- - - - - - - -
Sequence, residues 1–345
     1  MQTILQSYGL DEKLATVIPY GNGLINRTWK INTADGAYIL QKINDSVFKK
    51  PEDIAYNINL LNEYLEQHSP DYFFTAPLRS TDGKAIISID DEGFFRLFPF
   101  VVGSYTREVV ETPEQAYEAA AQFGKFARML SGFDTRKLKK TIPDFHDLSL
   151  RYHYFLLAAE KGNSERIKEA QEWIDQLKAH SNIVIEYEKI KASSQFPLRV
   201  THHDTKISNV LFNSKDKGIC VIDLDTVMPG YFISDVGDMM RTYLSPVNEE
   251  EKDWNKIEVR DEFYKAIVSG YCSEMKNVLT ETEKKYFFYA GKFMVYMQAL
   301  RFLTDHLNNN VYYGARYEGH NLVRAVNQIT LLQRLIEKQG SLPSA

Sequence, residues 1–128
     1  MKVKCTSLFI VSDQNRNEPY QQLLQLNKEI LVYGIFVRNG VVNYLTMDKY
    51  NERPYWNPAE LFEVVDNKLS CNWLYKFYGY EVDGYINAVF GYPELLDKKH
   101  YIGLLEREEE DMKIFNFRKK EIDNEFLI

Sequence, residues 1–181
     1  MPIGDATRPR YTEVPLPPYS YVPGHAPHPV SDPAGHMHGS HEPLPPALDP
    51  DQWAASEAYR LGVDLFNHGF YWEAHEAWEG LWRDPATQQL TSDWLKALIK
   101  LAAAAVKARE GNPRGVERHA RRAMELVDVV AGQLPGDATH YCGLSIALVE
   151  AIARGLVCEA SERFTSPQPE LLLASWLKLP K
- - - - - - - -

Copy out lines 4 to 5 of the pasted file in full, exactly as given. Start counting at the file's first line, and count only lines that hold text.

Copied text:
   101  VVGSYTREVV ETPEQAYEAA AQFGKFARML SGFDTRKLKK TIPDFHDLSL
   151  RYHYFLLAAE KGNSERIKEA QEWIDQLKAH SNIVIEYEKI KASSQFPLRV